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The Secrets of the Striations of Cantian C

John Conduitt

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I've posted a fair few of these 'earliest British coins' before - from the Thurrock potins to Cantian D angular bulls and Cantian E dump potins. They're fun to collect because of the progressive abstraction on both sides - the obverse goes from the head of Apollo to a circle with a large nipple in the middle, while the reverse goes from a butting bull to a set of swings.

This coin comes from the gap between the earlier, chunkier Thurrock potins and the thin, abstract Cantian Ds. It looks much like a Cantian D except the bull is a little more recognisable as some sort of animal. But what's interesting about these are the striations in the fields. As well as progressive abstraction, these coins show the progression of the technology used to make them.

Cantian C Crossed Striations Potin, 100-90BC
Cantii tribe, Kent. Potin, 18mm, 1.57g. Celticised head of Apollo left with ring-and-pellet motif in centre of head; equally-thin striations at 90 degree angles in fields. Celticised bull made up of curved lines, charging left (ABC 153; VA 112-01).

These were cast, and according the Van Arsdell, "the pattern (of striations) was produced by textile, pressed into the clay (for the mould) to produce the cavity system (into which they would pour the metal)". Judging by the various phases the coins went through, there was a lot of experimentation trying to get the design to show as intended, to reduce waste and to make the process fast enough to meet production requirements.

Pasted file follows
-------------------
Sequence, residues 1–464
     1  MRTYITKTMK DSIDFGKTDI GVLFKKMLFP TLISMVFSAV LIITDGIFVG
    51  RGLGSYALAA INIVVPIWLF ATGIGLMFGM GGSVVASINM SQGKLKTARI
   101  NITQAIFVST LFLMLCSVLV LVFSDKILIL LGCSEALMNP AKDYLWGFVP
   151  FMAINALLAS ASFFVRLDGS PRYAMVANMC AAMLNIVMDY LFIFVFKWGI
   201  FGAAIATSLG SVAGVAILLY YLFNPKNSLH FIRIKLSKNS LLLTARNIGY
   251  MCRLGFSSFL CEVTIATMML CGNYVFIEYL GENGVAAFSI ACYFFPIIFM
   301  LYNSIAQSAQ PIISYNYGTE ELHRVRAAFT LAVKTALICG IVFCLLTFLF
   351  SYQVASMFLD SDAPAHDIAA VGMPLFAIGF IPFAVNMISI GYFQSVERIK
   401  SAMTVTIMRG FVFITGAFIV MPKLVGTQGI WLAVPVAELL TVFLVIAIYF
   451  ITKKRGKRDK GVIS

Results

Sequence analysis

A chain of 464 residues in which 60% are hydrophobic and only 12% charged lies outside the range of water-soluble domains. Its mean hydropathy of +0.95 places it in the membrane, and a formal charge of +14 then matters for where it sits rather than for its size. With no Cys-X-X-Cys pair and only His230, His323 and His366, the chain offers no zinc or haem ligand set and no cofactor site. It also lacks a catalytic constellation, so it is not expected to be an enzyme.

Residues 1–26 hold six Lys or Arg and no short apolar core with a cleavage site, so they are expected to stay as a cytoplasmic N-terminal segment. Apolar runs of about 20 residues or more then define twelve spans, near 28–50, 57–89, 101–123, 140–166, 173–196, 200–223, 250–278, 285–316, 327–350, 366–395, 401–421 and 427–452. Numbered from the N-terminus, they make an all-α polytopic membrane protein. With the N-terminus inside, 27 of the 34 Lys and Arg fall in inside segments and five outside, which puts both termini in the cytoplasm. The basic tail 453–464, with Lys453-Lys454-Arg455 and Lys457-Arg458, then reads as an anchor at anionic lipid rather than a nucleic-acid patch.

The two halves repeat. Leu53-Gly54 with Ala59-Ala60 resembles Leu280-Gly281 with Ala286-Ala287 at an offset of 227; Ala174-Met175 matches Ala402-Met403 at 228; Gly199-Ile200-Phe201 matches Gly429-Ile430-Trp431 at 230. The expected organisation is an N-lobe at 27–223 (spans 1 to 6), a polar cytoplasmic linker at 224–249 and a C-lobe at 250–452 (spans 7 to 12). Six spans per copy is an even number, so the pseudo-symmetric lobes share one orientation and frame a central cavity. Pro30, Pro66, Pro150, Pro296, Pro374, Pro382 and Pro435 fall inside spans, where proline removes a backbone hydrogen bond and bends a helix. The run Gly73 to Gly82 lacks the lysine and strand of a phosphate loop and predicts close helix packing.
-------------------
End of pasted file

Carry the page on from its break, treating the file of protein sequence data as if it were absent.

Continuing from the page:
Within Cantian C there are a few techniques evident in trying to get the surfaces of the two mould halves flat so they would sit snugly together and avoid flash (excess metal at the ends) without destroying the design. The types are categorised by the appearance of the striations:

- Crossed striations - textile pressed into the clay to create the cavities and runners (as above).
- Medium striations - moulds produced by cutting a block of clay in two with a wire, which ensured the halves mated perfectly, but caused severe striations that interferred with the design.
- Heavy striations - broad but shallow, usually on one side. Produced by wood pressed against the clay to smooth it.
- Thin striations - on one side. The clay was smoothed with a scraper or knife.

None of these methods worked well, which is why they progressed to Cantian D.

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